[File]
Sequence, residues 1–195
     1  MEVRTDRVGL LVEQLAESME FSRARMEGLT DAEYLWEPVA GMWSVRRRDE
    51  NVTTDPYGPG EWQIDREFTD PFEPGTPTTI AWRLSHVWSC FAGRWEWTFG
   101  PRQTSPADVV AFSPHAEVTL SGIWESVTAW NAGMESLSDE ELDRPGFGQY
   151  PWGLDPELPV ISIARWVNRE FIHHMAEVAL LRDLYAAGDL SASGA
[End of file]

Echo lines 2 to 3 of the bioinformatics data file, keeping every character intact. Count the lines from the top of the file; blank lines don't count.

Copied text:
     1  MEVRTDRVGL LVEQLAESME FSRARMEGLT DAEYLWEPVA GMWSVRRRDE
    51  NVTTDPYGPG EWQIDREFTD PFEPGTPTTI AWRLSHVWSC FAGRWEWTFG